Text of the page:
Apartheid South Africa
I grew up in Cape Town, South Africa in the 1970’s. My view of the world was skewed by the pariah status of apartheid South Africa among the nations of the world. I had a preferred status. I am sure that if it weren’t for the fact the color of my skin was white, I would have been discriminated against because I was from a Jewish family. I attended an all-white, boys only public high school called Sea Point Boys’ High School. Most days, I would walk the mile to school along Main Road with its many shops, and sometime along Beach Road, with a clear view Lions Head on my right. On my left was the Atlantic Ocean with wide expanse of Table Bay and Robben Island a few miles off shore.
During those days few people talked about Robben Island and what was happening there. We all know it was a prison where Nelson Mandela was held captive as a political prisoner and was led to believe, through fear and intimidation by the government, that it was the destination for anyone who dared to speak out. Most days, particularly during school holidays, I would join friends at the beach to sun bathe and enjoy the social scene during the long hot summers. Only during the peak of summer would I venture into the cold water to cool off. At sunset, I would walk down to Queens Beach or Saunders Rocks to collect sea urchins and watch the sunset – always aware of the ominous presence of Robben Island that sometimes appeared like a mirage shimmering on the blue horizon.
Little did I know at that time, that 40 years later my view of Robben Island would take on a whole new significance.
Exchange Student to the USA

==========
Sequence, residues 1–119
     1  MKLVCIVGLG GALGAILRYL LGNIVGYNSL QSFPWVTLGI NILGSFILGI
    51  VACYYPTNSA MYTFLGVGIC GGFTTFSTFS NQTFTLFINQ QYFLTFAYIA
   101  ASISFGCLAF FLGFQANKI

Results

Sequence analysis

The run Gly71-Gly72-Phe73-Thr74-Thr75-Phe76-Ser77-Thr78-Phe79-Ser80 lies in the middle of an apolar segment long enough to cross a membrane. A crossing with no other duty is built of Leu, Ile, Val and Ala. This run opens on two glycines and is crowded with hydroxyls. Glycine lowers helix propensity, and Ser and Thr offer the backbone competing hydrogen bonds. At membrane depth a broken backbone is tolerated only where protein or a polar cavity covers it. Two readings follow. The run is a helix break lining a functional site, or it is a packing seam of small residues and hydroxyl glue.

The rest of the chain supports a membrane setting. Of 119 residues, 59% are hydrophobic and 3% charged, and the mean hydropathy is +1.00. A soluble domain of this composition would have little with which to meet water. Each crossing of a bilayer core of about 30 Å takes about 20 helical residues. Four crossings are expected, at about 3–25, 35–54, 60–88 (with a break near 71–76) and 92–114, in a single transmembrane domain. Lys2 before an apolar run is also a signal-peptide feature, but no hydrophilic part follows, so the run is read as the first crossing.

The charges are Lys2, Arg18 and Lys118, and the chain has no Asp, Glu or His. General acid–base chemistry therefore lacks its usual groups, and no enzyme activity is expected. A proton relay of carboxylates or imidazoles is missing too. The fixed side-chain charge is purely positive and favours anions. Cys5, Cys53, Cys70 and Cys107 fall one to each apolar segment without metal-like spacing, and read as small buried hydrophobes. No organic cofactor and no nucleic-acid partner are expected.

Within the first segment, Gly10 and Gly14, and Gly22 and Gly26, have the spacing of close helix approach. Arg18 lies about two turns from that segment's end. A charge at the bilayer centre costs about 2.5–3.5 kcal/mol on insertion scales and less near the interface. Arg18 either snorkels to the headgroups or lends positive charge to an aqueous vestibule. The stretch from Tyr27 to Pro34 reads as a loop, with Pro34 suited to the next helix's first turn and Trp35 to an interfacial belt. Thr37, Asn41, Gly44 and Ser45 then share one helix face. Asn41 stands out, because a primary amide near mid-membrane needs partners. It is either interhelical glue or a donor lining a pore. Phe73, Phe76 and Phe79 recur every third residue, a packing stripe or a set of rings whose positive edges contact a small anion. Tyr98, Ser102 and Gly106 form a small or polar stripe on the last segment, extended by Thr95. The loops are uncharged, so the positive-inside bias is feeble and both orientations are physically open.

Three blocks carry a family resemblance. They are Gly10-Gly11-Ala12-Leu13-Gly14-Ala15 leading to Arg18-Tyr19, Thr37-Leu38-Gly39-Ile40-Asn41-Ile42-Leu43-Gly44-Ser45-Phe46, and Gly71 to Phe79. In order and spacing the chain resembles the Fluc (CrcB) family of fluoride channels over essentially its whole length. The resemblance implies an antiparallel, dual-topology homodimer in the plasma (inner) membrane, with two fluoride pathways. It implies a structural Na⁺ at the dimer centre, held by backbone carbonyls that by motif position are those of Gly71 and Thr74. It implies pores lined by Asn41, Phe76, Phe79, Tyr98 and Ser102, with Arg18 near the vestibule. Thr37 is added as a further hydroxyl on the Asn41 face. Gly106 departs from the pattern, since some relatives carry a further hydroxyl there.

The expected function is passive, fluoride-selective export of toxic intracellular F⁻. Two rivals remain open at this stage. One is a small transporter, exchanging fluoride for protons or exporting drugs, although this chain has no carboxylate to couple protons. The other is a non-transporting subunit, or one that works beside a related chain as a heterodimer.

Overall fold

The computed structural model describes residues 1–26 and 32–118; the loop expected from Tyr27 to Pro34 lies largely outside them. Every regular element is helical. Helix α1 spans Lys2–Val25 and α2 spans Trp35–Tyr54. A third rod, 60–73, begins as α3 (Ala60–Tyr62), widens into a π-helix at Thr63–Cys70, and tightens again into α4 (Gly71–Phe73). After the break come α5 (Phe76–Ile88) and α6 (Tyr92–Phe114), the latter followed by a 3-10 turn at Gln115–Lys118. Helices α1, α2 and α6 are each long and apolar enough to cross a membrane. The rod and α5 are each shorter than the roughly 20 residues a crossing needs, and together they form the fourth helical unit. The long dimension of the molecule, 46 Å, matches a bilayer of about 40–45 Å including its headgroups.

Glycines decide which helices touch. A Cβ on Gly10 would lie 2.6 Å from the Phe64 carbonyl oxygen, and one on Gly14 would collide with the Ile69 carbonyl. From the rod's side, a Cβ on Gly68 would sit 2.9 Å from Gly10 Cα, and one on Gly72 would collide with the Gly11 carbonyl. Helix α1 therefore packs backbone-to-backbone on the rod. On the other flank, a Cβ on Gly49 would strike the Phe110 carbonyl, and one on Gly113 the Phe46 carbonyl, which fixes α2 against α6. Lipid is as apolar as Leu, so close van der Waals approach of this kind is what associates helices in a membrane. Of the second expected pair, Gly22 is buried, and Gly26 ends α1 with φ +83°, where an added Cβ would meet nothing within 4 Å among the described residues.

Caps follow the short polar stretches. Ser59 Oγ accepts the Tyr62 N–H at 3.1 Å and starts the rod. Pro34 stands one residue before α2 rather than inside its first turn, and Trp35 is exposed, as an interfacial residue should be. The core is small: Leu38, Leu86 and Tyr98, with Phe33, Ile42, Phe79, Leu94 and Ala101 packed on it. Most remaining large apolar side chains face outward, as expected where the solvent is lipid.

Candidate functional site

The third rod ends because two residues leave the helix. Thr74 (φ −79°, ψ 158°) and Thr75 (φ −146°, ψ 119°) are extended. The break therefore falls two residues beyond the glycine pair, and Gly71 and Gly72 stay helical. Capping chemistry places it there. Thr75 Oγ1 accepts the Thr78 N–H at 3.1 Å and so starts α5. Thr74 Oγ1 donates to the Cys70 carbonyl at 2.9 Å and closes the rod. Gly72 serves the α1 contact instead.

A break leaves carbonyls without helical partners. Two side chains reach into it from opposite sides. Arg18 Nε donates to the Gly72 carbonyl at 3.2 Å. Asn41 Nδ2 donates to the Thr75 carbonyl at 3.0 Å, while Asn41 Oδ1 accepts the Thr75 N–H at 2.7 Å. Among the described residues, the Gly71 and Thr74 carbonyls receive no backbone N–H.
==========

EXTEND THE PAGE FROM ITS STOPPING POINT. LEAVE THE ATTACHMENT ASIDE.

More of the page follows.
I left South Africa to pursue the American dream as a wide eyed eighteen-year-old. Arriving first as a Rotary exchange student, then the continuing as a college and graduate school student, before working and applying for my green card. In 1993, I became naturalized citizen of the USA.
During an extended visit to Cape Town with my wife Jeanie in 2017, we climbed Lions Head and at the top looking out towards Robben Island, I recounted my memories growing up in Sea Point. We marveled at the recent history of South Africa. How Nelson Mandela who after spending eighteen years on Robben Island and thirty-six years in total as a political prisoner, had been freed to lead South Africa to new beginning with the promise of a multi-cultural multi-racial society based on freedom and respect.
I had heard about the hardy South African swimmers that had been making the crossing from Robben Island to the mainland, some for many years. Despite not being a swimmer, it was there and then that I decided to take on the challenge of attempting the crossing. I got the personal significance. I heard about the Freedom Swim. But as I started to think about the swim in practical terms, little did I know what was in store for me.